Swinney 'considering' child abuse inquiry extension
John Swinney is "considering" extending the remit of the Scottish child abuse inquiry, he has told MSPs.
The education secretary said he had discussed the matter with the inquiry chairwoman Lady Smith, amid criticism from abuse survivor groups that the remit of the investigation is "fixed".
Mr Swinney said he was "wrestling" with the issue as an extended remit would "inevitably" prolong the inquiry.
The probe of historical allegations of abuse is expected to last four years.
The inquiry, which is tasked with investigating the nature and extent of abuse of children in care in Scotland, has been dogged by problems from the outset.
Original chairwoman Susan O'Brien QC quit the post in July, complaining of government interference. A second member of the inquiry panel, Prof Michael Lamb, also resigned claiming the inquiry was "doomed".
The panel now consists of Lady Smith and Glenn Houston, although Mr Swinney has consulted Lady Smith on whether a third panel member should be recruited to replace Prof Lamb.
The remit of the inquiry has also been an issue, with Mr Swinney's predecessor Angela Constance defending it in February after claims some institutions such as the Catholic Church would be "let off the hook".
More recently there have been claims from survivors' groups that there had been "no discussions" about the remit of the inquiry, which they said was described by Lady Smith as "fixed".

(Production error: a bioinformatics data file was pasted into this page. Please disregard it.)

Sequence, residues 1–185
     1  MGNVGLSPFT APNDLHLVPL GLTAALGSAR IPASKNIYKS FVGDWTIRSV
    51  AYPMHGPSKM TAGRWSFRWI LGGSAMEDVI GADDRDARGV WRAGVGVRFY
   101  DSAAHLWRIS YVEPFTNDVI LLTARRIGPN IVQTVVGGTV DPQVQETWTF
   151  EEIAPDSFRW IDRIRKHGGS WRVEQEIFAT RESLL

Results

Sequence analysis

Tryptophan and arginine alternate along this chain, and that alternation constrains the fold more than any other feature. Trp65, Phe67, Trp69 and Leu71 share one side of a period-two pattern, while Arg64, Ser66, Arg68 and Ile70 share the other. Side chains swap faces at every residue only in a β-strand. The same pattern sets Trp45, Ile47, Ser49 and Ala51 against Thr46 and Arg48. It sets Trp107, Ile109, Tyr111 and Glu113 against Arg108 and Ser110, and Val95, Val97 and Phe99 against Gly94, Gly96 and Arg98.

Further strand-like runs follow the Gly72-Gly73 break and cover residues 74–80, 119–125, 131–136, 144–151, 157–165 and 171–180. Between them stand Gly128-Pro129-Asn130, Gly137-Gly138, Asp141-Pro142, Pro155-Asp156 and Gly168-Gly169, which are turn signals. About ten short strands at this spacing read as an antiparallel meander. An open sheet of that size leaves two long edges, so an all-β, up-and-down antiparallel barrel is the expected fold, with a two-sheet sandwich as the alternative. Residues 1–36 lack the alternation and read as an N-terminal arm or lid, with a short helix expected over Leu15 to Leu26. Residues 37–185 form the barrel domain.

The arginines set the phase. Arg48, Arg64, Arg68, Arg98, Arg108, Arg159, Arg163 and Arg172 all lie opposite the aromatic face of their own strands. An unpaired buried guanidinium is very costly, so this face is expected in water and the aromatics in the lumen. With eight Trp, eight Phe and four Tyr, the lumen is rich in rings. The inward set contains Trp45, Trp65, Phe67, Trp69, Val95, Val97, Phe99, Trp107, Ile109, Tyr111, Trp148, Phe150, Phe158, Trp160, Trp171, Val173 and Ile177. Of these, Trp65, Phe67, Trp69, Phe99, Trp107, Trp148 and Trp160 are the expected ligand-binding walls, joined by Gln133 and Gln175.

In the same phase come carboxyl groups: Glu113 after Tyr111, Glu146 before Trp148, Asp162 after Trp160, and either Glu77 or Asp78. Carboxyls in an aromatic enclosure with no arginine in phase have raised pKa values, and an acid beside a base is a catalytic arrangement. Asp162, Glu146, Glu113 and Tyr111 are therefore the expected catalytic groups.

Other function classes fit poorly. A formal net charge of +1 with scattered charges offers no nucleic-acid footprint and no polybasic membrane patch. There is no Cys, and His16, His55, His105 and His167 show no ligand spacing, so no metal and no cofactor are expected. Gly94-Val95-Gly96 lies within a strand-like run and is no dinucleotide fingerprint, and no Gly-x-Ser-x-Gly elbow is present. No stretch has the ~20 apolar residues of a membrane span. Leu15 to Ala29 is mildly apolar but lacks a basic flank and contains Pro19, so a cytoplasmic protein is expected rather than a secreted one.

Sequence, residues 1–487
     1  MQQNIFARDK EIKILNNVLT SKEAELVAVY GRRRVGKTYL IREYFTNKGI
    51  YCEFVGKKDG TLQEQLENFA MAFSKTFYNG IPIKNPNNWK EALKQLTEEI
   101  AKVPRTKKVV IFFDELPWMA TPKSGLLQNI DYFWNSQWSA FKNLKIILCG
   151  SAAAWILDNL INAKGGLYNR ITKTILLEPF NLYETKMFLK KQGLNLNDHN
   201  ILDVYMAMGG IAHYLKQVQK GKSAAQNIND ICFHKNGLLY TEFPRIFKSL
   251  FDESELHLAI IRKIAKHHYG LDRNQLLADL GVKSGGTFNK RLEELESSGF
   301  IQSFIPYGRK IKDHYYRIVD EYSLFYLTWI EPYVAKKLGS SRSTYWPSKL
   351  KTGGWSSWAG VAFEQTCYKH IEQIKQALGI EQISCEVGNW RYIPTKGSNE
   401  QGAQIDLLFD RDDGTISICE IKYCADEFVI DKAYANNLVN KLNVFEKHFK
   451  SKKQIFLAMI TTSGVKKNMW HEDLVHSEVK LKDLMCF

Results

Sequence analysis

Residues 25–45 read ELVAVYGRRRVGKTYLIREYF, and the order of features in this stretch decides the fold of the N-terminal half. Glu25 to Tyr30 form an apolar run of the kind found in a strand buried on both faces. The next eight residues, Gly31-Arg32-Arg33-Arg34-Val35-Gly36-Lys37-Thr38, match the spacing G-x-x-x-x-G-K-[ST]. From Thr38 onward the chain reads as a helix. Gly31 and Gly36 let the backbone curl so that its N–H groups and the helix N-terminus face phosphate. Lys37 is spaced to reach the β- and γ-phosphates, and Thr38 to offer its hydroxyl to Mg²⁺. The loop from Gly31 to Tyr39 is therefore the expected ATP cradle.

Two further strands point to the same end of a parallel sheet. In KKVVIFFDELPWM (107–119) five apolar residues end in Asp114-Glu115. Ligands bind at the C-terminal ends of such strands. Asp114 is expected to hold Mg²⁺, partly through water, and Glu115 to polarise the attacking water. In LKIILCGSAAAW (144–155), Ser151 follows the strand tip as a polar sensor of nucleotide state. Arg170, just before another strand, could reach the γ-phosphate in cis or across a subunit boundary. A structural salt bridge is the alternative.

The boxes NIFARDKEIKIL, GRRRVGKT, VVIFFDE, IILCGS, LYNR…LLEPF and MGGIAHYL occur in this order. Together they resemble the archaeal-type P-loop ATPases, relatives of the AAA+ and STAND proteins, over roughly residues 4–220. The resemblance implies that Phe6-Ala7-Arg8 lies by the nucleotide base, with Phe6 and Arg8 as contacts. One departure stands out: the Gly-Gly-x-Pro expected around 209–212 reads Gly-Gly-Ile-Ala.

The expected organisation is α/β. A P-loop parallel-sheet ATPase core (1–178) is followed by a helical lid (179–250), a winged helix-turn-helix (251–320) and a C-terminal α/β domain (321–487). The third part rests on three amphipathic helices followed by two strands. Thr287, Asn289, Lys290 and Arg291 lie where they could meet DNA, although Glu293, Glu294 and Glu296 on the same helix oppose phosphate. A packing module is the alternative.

However, Mr Swinney refuted this when questioned by Labour's Johann Lamont at the education committee.
He said: "I have personally discussed the question of extending the remit of the inquiry with Lady Smith.
"I said to people I would look at the extension of the remit, I'm considering that and taking steps to address that."
He continued: "I take it very seriously. But I have to be mindful that if I extend the remit of the inquiry, I would inevitably be extending the length of the inquiry. And I have to be mindful of the views of survivors who want this exercise to be proceeded with and not something that becomes longer than it needs to be, because they want to get answers on this.
"So the dilemmas on this are not easy, because they ultimately come down to that question that it's unavoidable that the length of time of the inquiry will be extended if I decide to extend the remit. That's a significant issue with which I am wrestling."
Mr Swinney also addressed the idea of government interference in the independent inquiry, saying he had "no desire" for the government to have any inappropriate involvement.
And he said the question of redress for victims was actively being explored.